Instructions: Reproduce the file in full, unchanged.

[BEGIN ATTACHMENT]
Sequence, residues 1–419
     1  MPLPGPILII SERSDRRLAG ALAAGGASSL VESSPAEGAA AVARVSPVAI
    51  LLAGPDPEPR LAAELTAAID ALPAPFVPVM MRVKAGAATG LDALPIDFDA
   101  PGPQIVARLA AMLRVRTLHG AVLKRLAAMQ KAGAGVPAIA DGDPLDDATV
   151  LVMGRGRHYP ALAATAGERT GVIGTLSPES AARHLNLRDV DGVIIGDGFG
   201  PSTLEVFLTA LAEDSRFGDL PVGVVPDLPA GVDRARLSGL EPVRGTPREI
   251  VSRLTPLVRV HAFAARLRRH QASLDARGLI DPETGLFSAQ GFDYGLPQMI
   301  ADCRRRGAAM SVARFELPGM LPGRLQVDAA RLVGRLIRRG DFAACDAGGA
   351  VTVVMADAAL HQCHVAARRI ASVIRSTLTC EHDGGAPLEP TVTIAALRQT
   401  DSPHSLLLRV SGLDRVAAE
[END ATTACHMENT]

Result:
Sequence, residues 1–419
     1  MPLPGPILII SERSDRRLAG ALAAGGASSL VESSPAEGAA AVARVSPVAI
    51  LLAGPDPEPR LAAELTAAID ALPAPFVPVM MRVKAGAATG LDALPIDFDA
   101  PGPQIVARLA AMLRVRTLHG AVLKRLAAMQ KAGAGVPAIA DGDPLDDATV
   151  LVMGRGRHYP ALAATAGERT GVIGTLSPES AARHLNLRDV DGVIIGDGFG
   201  PSTLEVFLTA LAEDSRFGDL PVGVVPDLPA GVDRARLSGL EPVRGTPREI
   251  VSRLTPLVRV HAFAARLRRH QASLDARGLI DPETGLFSAQ GFDYGLPQMI
   301  ADCRRRGAAM SVARFELPGM LPGRLQVDAA RLVGRLIRRG DFAACDAGGA
   351  VTVVMADAAL HQCHVAARRI ASVIRSTLTC EHDGGAPLEP TVTIAALRQT
   401  DSPHSLLLRV SGLDRVAAE